BY KIRK HASTINGS
February 9, 1964, is a date, to loosely paraphrase President Franklin Roosevelt, that “will forever live in infamy”.
It was at 8 P.M. on that particular Sunday evening, many years ago now, that I sat down with my mother in Wildwood Crest (I was 11 years old at the time) to watch “The Ed Sullivan Show” on Channel 10 (CBS-TV) out of Philadelphia. My older sister Jill was away for her freshman year at Douglass college in New Bruns- wick, New Jersey, and my older brother Harry was at some friend’s house (where they had all gathered to watch the same program). My father wasn’t around that particular night, as he worked as a tugboat captain in Philadelphia, and often spent days away from home.
Of course, in those days whether you even saw a particu- lar program on TV or not was sketchy, as it was pre-cable days — and whether your rooftop TV antenna would get a clear signal from Philadelphia or not depended on the weather (mostly the direction of the wind).
I wasn’t much into music at that time (yet), but the buzz around Philip P. Baker Elementary School and the Crest Memorial School was that there was going to be a musi- cal group on “The Ed Sullivan Show” that night that was going to be “The Next Big Thing” — and everyone was talking about it. My mother pretty regularly watched Ed Sullivan every week, so it was likely that I would end up seeing this new group.
Fortunately, my mother and I did end up witnessing that historic TV event. The weather that night was okay, the wind was right, and we could get a fairly clear signal for Channel 10. Sullivan introduced the group, and they started their first song set with “All My Loving”, followed by “Till There Was You” and “She Loves You”. They came back in the second half of the program with performances of “I Saw Her Standing There” and “I Want To Hold Your Hand”.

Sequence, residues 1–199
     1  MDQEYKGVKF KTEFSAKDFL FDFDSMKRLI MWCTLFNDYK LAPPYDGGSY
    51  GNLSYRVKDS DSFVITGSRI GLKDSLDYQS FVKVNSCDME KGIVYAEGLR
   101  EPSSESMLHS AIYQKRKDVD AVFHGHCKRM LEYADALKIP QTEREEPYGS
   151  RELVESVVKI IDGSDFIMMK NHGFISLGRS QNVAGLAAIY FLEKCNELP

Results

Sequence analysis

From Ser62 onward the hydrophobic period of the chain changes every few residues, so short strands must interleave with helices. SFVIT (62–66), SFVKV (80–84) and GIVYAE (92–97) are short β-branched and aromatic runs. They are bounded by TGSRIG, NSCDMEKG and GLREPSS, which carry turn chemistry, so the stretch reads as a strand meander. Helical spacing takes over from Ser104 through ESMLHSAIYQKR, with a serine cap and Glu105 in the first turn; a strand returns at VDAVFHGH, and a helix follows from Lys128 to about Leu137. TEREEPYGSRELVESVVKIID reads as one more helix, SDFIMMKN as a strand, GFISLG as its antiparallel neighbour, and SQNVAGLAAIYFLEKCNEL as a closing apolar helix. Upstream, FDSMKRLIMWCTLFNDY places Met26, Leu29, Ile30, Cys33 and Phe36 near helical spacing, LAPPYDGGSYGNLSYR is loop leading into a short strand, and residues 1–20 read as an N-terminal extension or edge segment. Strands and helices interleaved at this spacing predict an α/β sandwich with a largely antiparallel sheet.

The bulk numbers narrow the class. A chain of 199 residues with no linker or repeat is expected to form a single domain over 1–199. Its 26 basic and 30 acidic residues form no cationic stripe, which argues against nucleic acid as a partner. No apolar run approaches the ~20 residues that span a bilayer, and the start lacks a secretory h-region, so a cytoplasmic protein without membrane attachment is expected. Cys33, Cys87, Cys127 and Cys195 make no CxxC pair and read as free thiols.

I remember liking “I Want To Hold Your Hand” in par- ticular. I ended up buying a 45 copy of it soon afterward (my first record purchase ever!), and the record was complete with a nice picture sleeve of the group on it. I bought that record, and all my records as a kid, from a small record store that used to be located just around the corner from Jackson’s Drug Store in downtown Wild- wood, on Oak Avenue. I remember playing both sides of that record over and over again, and liking it more each time I played it. (I still have that record today.) Shortly afterward, I ended up buying copies of “She Loves You” (backed with “I’ll Get You”, on the Swan record label) and “You Can’t Do That” (backed with “Can’t Buy Me Love”). I still have both of those records as well
The very first Beatle record I remember hearing played on the radio? “Do You Want To Know A Secret”. Other early favorites were “P.S. I Love You” and “Love Me Do”. My mother loved music, and the radio was always on in our house while I was growing up. Thus I vividly remember each new Beatle single as they came out dur- ing the 1960s, as they all received constant promotion and airplay from the moment they became available. The main radio stations in my house were WOND 1400 AM in the mornings (before I went off to school), and WMID 1340 AM in the afternoons. Bob Weems was the morning DJ on WOND, and Steve “Boom Boom” Can- non was the afternoon DJ on WMID. The radio usually went off when evening came around, as the signals would gradually fade out. Then it was time for the TV to come on!
My older sister, home from college, took me to see the film “A Hard Day’s Night” when it came out during the summer of 1964, at the Shore Theater in Wildwood. She also took me to see “Help!” the following summer (again at the Shore). To this day they both are still two of my favorite all-time movies.
Today I now own a DVD copy of that very first Ed Sul- livan Beatles program originally aired on February 9, 1964, and my wife and I sat down to watch it on the evening of February 9, 2014 — exactly 50 years later.
The Beatles Forever!